OLR Bill Analysis

sSB 410 (File 388, as amended by Senate “A”)*

AN ACT CONCERNING ADMINISTRATIVE HEARINGS CONDUCTED BY THE DEPARTMENT OF SOCIAL SERVICES.

SUMMARY:

This bill makes several changes to the procedures the Department of Social Services (DSS) must follow when conducting an administrative hearing for an appeal of a department decision.

Under the bill, if DSS is hearing a contested case and has an adverse interest to any party in the proceeding, the hearing officer cannot communicate directly or indirectly with any other DSS employee, including counsel, about any issue of fact or law in the hearing without advance notice and opportunity for all parties to participate on the record.

The bill also:

1. allows more people to request a hearing;

2. makes it easier to request a hearing by allowing such requests to be made by mail, telephone, or any electronic means DSS determines acceptable, rather than just in writing;

3. lengthens, from (a) 30 to 45, the number of days within which DSS must hold a hearing after receiving a request and (b) 90 to 105, the number of days within which DSS must issue a final decision after the initial hearing request;

4. caps at three the number of allowable continuances;

5. broadens the circumstances in which the aggrieved person may be excused from appearing personally at the hearing.

The bill additionally makes several minor, technical, and conforming changes.

*Senate Amendment “A” (1) eliminates the provision in the underlying bill establishing an independent Office of Administrative Appeals and (2) lengthens the number of days within which DSS must issue a final decision after an initial hearing request.

EFFECTIVE DATE: October 1, 2014

HEARING REQUESTS AND NOTICE

The law allows an aggrieved person or his or her conservator to request an administrative hearing on a DSS decision. The bill additionally allows hearings to be requested by (1) an authorized representative who meets state and federal legal requirements and (2) anyone with legal authority to act on the aggrieved person's behalf. This includes, in addition to a conservator, a legal guardian; a person with power of attorney if permitted under the terms of the designation; or, for a deceased person, an estate executor or administrator. The bill allows hearing requests to be filed by mail, telephone, or any electronic means that DSS determines acceptable. Currently, such requests may be made only in writing. The request must be made to DSS and include the reasons why the person claims to be aggrieved.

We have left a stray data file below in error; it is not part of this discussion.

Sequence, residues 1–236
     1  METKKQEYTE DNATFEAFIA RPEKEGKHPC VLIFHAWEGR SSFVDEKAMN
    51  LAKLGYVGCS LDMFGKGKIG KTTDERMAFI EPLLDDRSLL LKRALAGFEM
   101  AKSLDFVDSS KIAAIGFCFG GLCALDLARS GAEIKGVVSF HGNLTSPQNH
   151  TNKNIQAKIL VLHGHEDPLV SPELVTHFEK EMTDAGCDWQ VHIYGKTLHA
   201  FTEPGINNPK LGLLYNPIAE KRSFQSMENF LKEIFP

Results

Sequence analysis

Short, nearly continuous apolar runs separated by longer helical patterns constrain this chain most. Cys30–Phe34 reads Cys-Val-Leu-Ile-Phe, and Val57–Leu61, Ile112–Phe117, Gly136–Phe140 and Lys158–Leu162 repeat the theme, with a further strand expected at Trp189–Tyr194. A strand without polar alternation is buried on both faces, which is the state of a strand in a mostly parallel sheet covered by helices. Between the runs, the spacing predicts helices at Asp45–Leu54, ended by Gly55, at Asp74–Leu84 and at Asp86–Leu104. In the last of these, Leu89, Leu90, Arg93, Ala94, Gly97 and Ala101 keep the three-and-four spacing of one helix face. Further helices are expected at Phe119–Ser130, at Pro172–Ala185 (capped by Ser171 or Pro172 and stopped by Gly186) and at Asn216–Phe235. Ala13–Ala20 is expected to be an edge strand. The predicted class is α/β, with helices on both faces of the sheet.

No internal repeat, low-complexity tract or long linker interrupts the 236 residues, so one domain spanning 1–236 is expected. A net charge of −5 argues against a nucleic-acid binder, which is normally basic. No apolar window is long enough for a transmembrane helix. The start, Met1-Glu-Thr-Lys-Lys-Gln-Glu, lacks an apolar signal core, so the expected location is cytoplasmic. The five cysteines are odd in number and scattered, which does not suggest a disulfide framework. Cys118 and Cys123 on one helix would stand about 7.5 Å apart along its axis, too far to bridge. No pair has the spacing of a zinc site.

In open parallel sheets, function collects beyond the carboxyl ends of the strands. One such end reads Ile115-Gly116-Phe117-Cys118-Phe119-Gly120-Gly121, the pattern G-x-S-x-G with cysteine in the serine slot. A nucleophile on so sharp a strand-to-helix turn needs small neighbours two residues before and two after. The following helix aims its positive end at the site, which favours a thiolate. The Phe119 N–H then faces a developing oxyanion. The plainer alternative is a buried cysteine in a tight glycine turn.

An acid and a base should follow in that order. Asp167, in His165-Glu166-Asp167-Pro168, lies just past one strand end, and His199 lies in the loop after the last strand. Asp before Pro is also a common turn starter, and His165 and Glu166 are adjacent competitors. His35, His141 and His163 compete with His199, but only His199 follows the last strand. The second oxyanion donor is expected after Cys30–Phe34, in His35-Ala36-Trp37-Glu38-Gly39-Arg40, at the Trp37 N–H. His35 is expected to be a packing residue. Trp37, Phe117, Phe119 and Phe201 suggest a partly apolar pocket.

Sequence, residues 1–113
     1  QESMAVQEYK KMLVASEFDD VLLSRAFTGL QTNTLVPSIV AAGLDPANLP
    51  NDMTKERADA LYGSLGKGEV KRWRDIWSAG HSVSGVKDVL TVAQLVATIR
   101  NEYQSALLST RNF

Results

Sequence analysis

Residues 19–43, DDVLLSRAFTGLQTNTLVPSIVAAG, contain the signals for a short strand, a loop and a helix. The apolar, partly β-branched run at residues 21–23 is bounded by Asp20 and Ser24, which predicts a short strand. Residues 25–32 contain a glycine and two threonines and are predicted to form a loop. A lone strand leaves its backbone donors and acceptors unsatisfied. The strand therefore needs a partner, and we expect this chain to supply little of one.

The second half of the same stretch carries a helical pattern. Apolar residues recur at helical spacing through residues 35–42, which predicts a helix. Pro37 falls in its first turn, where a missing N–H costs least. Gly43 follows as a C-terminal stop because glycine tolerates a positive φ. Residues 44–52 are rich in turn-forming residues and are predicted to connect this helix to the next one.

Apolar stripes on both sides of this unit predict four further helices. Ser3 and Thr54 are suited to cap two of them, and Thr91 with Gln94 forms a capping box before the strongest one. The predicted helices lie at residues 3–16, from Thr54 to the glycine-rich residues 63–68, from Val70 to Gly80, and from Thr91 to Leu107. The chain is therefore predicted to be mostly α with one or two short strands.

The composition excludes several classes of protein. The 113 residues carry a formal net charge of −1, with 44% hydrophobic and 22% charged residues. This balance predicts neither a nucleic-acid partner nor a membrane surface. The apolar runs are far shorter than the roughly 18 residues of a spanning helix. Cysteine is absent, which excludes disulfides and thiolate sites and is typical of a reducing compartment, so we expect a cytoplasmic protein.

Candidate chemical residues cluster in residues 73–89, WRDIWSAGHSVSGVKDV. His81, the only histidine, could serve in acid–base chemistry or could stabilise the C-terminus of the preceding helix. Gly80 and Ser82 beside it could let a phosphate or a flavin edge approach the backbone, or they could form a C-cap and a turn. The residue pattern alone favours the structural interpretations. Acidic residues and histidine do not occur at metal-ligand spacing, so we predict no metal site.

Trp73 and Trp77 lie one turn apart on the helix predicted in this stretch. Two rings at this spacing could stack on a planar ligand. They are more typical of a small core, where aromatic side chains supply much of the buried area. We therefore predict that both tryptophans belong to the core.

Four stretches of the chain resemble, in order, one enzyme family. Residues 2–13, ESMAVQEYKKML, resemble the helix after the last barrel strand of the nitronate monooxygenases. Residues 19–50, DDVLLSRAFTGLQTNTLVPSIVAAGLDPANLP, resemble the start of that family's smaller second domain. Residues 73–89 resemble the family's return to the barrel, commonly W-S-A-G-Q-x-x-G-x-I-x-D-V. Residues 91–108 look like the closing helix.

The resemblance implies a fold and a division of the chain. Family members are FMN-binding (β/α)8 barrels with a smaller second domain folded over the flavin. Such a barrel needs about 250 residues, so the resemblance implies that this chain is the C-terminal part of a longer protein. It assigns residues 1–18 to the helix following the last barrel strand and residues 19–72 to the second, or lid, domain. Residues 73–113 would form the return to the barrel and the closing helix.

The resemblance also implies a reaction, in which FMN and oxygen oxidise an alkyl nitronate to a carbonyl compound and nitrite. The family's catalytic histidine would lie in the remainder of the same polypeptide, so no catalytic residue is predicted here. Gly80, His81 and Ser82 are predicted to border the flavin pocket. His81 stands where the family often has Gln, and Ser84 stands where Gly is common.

Current law requires an aggrieved person or his or her conservator to mail a hearing request to the commissioner within 60 days after the department rendered its decision. The bill instead prohibits DSS from holding a hearing unless it receives the request within 65 days of the department's decision, unless otherwise prescribed by federal law. The bill also lengthens, from 30 to 45, the number of days within which DSS must hold a hearing after receiving a request. It requires DSS to notify the aggrieved person and, if applicable, the person who requested the hearing on his or her behalf of the hearing time and place. Currently, DSS must provide the notice only to the aggrieved person.

APPEARANCE AT HEARING

Currently, the aggrieved person must appear personally at the hearing unless his or her physical or mental condition precludes him or her from doing so. The bill instead excuses the aggrieved person from appearing personally at the hearing if (1) he or she is represented by legal counsel who appears at the hearing and (2) the hearing officer determines that the person's or his or her representative's testimony is not required. Under the bill, the aggrieved person's or his or her representative's testimony may be accepted by phone in lieu of personal appearance at the hearing officer's discretion.

HEARING DECISION

Current law requires the commissioner or hearing officer to render a final decision within 60 days of a hearing, based on the evidence introduced and applying all pertinent provisions of the law, regulations, and department policy. It also requires the commissioner or his designee to take final definitive administrative action within 90 days after the hearing is requested. The bill instead requires the department to issue the final decision within 60 days after the hearing's record closes and within 105 days after the hearing request.

COMMITTEE ACTION

Human Services Committee

Joint Favorable Substitute

Yea

17

Nay

0

(03/20/2014)

Appropriations Committee

Joint Favorable

Yea

39

Nay

9

(04/22/2014)